Vancouver and the Island

Arrived in Vancouver on Wednesday, checked into a motel and headed downtown. Had to get the Skytrain into the centre which sounds much cooler than it actually was. We were only on it for a couple of stops but in that short time it was obvious why Vancouver is called ‘Mini Hong Kong’. Chinese and English were the two obvious main languages (in that order) and although it was a nice enough place, I’m glad in a way it wasn’t better than Calgary.

Before we had a wander round the city, Abby made a note on the map of the area we had been told to avoid by both Roy and the Canada book we had been reading throughout our trip. We walked to Gastown and Chinatown and were on our way to Yaletown (where the restaurants and shops were) when we found ourselves right in the middle of the area we were supposed to avoid. It was like something out of a film where zombies come out of doorways making their way towards you from both sides of the street. I’ve not seen anything like it before, some proper crazy people about. A woman was emptying bottles of water all over the street while yelling at a copper, a bloke was counting leaves scattered all over the floor and getting really angry with the wind when it moved them around. Without trying to look too touristy with our map out and ‘mug us’ written on our heads, some fast changes of direction and an extremely quick pace got us out of bumville and back to civilisation.

There is not much left to say about the rest of Vancouver, not much to see as a whole, some nice areas, some bad, but lots and lots of Chinese people. Did have a great Thai meal in a place called ‘Simply Thai’ which if you are to believe the pictures hanging by the door, a place that Tom Cruise and Tom Hanks have eaten. It didn’t look like a photo-shop job and the food was good enough to make me believe it was true.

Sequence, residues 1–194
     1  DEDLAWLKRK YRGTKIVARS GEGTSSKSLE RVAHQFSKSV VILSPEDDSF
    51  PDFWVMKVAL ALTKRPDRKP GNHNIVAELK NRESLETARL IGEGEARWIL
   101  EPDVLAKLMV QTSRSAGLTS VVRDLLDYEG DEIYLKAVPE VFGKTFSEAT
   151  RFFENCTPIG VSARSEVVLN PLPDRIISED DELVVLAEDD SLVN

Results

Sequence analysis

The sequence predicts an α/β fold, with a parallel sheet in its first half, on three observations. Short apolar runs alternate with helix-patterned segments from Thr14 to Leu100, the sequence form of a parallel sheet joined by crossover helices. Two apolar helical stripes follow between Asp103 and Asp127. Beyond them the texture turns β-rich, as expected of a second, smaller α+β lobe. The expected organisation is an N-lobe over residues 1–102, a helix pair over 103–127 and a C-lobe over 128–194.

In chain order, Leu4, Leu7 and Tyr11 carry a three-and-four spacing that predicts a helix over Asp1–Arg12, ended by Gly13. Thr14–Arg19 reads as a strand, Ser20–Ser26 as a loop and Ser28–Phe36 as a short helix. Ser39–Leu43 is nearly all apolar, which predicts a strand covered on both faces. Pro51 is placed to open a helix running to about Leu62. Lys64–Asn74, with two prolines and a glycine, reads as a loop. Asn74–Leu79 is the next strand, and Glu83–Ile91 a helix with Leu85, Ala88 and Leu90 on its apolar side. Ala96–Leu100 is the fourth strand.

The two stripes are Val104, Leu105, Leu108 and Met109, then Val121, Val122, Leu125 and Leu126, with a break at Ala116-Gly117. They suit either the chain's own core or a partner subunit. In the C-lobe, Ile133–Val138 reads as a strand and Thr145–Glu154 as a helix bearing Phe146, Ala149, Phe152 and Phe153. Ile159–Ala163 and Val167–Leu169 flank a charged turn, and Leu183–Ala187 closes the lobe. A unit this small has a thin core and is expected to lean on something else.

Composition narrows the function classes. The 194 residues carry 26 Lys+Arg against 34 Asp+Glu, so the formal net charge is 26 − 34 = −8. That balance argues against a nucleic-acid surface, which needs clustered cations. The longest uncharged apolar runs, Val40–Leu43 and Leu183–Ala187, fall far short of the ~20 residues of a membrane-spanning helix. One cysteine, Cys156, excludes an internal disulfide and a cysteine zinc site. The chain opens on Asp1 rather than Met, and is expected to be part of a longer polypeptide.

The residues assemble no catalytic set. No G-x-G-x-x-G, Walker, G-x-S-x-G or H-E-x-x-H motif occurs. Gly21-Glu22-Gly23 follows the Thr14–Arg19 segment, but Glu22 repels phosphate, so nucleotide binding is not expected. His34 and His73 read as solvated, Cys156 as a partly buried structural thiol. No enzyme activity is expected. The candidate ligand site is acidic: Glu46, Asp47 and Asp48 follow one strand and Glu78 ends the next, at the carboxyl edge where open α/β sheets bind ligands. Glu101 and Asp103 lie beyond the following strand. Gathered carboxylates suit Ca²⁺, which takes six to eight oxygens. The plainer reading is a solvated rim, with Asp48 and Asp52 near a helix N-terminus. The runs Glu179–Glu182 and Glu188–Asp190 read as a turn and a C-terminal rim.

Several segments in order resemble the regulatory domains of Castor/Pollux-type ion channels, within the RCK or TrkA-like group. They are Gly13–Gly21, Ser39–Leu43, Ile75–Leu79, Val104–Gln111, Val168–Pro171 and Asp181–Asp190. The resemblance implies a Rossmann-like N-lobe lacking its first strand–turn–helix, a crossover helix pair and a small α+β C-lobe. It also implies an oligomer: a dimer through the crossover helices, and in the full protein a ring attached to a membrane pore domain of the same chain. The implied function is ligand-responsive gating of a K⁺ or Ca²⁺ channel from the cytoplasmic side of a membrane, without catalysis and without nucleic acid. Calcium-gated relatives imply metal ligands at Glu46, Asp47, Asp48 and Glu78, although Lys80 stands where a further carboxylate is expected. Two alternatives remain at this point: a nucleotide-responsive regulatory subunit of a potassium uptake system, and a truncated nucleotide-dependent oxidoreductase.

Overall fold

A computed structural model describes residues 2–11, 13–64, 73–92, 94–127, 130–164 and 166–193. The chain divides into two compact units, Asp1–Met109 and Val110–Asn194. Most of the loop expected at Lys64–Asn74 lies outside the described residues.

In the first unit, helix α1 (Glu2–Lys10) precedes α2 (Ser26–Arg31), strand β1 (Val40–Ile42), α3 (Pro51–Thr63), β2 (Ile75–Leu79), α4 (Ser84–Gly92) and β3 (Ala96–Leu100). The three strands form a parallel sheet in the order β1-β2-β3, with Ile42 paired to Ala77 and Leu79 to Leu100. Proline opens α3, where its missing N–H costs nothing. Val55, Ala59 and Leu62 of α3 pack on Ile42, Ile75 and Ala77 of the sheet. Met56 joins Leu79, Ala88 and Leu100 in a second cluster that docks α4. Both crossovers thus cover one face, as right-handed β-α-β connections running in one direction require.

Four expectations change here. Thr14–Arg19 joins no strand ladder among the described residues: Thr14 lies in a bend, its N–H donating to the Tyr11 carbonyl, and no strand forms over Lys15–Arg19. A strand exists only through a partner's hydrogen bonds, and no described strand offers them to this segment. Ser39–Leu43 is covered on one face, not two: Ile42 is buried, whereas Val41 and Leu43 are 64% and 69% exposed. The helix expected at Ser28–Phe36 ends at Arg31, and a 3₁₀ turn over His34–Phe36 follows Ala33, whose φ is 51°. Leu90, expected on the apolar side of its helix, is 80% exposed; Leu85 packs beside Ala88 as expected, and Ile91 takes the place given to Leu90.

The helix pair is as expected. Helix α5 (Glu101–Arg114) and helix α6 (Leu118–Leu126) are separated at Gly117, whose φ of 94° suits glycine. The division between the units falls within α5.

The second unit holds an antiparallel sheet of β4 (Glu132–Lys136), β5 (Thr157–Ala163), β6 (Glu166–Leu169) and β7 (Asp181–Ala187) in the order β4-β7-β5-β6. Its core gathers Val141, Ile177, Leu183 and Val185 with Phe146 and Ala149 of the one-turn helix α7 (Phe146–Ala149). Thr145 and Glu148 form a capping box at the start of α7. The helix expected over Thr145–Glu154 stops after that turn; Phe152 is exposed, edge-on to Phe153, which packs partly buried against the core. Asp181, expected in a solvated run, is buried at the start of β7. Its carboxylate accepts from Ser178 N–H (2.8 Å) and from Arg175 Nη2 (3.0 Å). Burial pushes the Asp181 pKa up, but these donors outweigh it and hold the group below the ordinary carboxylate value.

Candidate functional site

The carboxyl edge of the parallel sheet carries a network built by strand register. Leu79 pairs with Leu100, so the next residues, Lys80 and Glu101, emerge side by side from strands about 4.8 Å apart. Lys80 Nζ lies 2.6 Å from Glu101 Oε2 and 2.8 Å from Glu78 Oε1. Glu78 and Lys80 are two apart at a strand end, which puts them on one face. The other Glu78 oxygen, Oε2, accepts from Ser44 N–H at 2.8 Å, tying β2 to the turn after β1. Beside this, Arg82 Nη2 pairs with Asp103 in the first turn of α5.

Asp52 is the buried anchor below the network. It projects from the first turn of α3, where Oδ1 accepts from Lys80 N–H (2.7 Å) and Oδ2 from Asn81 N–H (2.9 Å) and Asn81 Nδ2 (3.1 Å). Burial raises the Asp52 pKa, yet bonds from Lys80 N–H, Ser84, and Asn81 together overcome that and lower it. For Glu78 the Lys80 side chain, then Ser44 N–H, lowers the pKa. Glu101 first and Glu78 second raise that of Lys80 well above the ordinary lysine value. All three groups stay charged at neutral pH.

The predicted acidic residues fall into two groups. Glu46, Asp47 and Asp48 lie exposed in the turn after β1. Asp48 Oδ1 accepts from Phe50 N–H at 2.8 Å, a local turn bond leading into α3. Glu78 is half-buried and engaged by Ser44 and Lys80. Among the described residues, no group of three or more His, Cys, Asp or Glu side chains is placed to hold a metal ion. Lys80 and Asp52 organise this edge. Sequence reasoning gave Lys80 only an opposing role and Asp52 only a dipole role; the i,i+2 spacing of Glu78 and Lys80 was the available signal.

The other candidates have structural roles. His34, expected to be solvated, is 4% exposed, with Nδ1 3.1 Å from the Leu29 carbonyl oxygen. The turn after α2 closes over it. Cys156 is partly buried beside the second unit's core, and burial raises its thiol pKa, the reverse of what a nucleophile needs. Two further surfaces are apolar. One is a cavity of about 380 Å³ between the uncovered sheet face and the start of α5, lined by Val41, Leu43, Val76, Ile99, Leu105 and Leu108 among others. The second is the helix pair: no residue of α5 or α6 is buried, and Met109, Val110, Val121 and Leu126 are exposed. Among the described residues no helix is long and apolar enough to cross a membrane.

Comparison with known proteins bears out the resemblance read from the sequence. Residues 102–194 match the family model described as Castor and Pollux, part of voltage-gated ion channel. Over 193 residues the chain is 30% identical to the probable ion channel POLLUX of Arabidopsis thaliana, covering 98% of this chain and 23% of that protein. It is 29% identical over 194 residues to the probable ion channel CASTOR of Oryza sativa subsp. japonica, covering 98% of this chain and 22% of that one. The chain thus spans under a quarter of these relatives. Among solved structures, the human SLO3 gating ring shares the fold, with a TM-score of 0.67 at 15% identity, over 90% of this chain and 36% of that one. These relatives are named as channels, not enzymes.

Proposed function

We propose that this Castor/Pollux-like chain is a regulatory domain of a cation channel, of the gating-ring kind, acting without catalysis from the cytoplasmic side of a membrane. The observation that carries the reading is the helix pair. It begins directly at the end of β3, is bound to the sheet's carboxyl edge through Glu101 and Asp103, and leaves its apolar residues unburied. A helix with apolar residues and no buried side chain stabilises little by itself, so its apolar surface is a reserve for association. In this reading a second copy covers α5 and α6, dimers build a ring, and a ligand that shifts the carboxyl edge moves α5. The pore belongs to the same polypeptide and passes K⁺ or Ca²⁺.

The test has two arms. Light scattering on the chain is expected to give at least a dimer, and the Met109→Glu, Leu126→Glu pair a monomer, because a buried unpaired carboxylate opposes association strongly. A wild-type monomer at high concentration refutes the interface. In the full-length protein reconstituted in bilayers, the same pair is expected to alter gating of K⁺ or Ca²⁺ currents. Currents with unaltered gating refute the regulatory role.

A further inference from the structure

The best part of the whole of Vancouver was the drive down the Coquihalla highway (well for me anyway). Abby wasn’t too keen on the massive drops either side of the road, the constant road signs saying ‘IMPORTANT: Must carry snow chains from Oct – Apr!’ or the racing lines I was taking on the descent.  Around 90 minutes drive in total, not sure how high we climbed but there was a change of temperature from 14C at the bottom to 0C at the summit. Driving through the clouds and in between the mountains was fantastic, by far was the best road I have ever driven! Certainly a place to test those future 250’s, Leigh and Terry!

We decided to get the ferry over to Vancouver Island and visit Victoria and some of the other places we’d heard were worth seeing. The ferry was pretty uneventful (I was watching for icebergs on deck) but the journey was over in 1hr 35mins.

Victoria was lovely and did remind us of the UK. The weather was about the same and the streets could have been from any northern city. Victoria also hosts a castle and cathedral which we visited and is extremely rare for Canada because it’s such a new country. Most of Canada’s buildings are under 100 years old with the exception of a few in Montréal. Anyway, the castle and cathedral were nice to see but not a patch on some we have back home. There was a lot of shopping available, some nice parks and lots and lots of pubs which is probably why it reminds Brits of back home. Also had the best ale of our trip so far, Blue Buck by Phillips brewery which is brewed on the island apparently.

Looking to get the early ferry tomorrow morning (Saturday) and then try to sneak over the border into the US and make it to Seattle for a few days. Not sure if the hire care is allowed into the USA (we have no proof it is only the word of the woman in Toronto) so we might be touring Canada a bit longer… which wouldn’t be a bad thing!

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